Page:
We finally get a glimpse into the zaibatsu that is TechSpot and its shadowy network of shenanigan-free file hosting sites.

The 100% impregnation-free guarantee puts my mind at ease and gets rid of that "swimming in the high school pool alone at night when there is a killer on the loose" feeling.

Timonius Timonius said:

I try to download software from the original developers/authors website whenever possible. It seems to be the best 'guarantee' that you are actually getting only what you want and nothing more.

Jibberish18 said:

Funny but I downloaded something last week from (I almost always use filehippo but this time I just googled the name of the program and the search engine came up with I look at my desktop and notice something funky. An installation file that will allow you to download what you originally meant to. I deleted it and went to filehippo like I should have originally.

Guest said:

I went to download something (CCLeaner mayber) the other day, the official page download link points to CNet/, I have no problem with this. When I ran the file it downloaded and saw it was some CNET downloader/installer I immediately closed and deleted it and found another source for actual proper installer.

I hate crap like this.

MarkHughes said:

I use Techspot or for downloads, Ninite is well worth a look if you don't use it allready.

fpsgamerJR62 said:

I usually download from Majorgeeks, Techspot and, on occasion, Filehippo although download speeds at Filehippo are usually slower than the other two sites. I've known since the dial-up days and have downloaded quite a number of files from that site including one which had the new download wrapper. Quite a bit of hassle considering one has to uncheck the opt-out items, rename the file if necessary and that the wrapper doesn't give you a choice on where to save the downloaded file. To be fair, the site does say that availing of its free membership will allow users to download files without using the download wrapper although I have yet to try it out.

wardogz said:

RandyN said:

This is why I've stopped using CNET for downloads.

Same here, noticed it a couple of weeks back, I NEVER bother with anything that asks me to install 'downloading software' first.

Guest said:

Back in the day, I use to use all the time. Now I try to go straight to the source which is much easier these days.

Guest said:

i'll never download from them again.


TorturedChaos, TechSpot Chancellor, said:

I noticed that the other day when installing VLC for a friend. Just googled it - first hit was When I started install all this opt-out crap was coming up. I ditched that installer and went to find the real one.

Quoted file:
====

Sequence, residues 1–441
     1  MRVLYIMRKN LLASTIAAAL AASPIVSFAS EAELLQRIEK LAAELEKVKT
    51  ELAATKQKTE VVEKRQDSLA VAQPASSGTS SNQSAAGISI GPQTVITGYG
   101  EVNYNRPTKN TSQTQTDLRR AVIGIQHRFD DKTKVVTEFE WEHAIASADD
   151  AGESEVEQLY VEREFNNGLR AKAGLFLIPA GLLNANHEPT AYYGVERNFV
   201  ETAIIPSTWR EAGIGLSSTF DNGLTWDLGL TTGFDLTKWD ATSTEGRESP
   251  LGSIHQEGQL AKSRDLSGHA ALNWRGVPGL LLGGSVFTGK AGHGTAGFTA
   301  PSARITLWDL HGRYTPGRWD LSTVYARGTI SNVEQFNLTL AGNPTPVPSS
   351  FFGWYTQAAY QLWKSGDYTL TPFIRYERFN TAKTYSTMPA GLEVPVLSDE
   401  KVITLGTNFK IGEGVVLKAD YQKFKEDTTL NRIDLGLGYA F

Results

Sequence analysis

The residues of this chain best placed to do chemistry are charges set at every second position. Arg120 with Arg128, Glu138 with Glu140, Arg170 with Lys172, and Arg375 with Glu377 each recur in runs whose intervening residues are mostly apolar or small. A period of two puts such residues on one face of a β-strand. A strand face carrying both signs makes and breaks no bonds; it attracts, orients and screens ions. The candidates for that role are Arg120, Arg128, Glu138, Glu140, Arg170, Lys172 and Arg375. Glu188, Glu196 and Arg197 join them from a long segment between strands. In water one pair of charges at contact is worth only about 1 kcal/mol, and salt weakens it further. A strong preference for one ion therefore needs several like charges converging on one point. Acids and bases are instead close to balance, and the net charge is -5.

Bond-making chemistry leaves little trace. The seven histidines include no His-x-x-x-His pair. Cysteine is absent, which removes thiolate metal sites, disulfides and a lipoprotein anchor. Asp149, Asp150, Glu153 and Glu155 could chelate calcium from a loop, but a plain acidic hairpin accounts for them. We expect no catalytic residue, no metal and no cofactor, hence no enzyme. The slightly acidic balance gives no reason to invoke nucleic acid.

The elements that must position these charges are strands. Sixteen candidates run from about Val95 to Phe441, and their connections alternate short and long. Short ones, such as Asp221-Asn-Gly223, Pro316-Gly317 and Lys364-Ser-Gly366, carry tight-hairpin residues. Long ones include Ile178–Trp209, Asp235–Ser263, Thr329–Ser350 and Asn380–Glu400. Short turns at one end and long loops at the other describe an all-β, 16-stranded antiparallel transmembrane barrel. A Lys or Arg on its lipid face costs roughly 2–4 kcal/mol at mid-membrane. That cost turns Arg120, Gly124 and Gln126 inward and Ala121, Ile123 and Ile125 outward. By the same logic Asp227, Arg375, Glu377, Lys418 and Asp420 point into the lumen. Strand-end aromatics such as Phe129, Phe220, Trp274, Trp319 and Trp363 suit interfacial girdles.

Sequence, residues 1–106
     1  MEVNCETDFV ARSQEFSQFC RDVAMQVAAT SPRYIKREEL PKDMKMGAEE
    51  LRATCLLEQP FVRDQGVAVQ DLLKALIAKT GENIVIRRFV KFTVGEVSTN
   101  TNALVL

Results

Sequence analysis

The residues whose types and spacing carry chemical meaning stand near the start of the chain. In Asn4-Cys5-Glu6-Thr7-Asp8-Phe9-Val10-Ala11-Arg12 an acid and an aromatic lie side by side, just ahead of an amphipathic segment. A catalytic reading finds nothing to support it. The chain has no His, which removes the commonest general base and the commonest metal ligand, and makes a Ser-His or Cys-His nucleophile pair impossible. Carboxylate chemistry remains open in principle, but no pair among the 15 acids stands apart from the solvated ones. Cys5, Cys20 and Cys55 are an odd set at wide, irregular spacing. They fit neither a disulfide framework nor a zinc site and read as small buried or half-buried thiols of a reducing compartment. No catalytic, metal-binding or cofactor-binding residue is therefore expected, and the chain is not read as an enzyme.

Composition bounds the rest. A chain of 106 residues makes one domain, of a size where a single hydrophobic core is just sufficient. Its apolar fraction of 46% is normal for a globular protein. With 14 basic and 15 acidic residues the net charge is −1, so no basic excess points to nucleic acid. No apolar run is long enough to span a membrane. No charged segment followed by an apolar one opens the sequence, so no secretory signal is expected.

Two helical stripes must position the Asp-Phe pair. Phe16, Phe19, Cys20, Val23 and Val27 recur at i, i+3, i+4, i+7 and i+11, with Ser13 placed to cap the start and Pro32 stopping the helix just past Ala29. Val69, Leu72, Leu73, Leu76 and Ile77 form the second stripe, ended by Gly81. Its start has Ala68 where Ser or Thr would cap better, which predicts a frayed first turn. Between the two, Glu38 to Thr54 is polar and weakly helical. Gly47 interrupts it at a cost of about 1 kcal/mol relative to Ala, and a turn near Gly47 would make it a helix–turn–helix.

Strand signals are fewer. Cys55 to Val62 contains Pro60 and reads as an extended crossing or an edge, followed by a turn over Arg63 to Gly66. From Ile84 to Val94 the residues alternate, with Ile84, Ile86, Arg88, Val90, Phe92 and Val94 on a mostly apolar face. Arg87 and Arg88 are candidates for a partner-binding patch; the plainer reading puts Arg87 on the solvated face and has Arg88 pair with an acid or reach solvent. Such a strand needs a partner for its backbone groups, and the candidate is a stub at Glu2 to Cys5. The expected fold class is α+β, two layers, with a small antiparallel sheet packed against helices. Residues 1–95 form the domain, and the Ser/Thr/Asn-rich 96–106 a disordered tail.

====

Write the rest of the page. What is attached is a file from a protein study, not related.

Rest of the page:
Very unhappy with In the past when looking for software on google if I landed on I knew I was getting good clean software. Not anymore.

DeliciousPie said:

Guest said:

"Call it a shameless plug, but we'd be remiss if we didn't mention that TechSpot offers a download section and we don't impregnate the files with any such nonsense."

Hear hear!!!

+1 for Techspot.

tipstir tipstir, TS Ambassador, said:

All free software has bloatware, you have to read before you click to download. Also too install too. They can stick adverts and links to other vendors to get your info so everyone can make extra money off of you. Shoot the USPS does this too when you go online to their site to do a change of address. So much vendors want to get a piece of your move process and the money you're going to spend on their extra services. So this is now how marketing is being pushed.

Cnet is looking to make extra money so why not bloat your system with bloatware..

Guest said:

I've stopped using CNET long time ago. Now officialy dropped it's class. Became like some other crappy DL sites: software informer, softonic, brothersoft etc

Well done. Still though, they gonna make a lot of money from this. They will loose a few well informed people but still... Dodgers.

Guest said:

FileHippo is fast and easy !!!


Zilpha Zilpha said:

Cnet has been like this for a while. I downloaded a PDF converter - something seemingly innocuous, right? Keylogger - stole my gaming accounts.

Never again for me and Cnet.

Relic Relic, TechSpot Chancellor, said:

Haven't downloaded from them in ages after getting some crapware on my system from them. Looks like I made the right call.

Gars Gars said:

Guest said:

FileHippo is fast and easy !!!


the easiest way for the all free software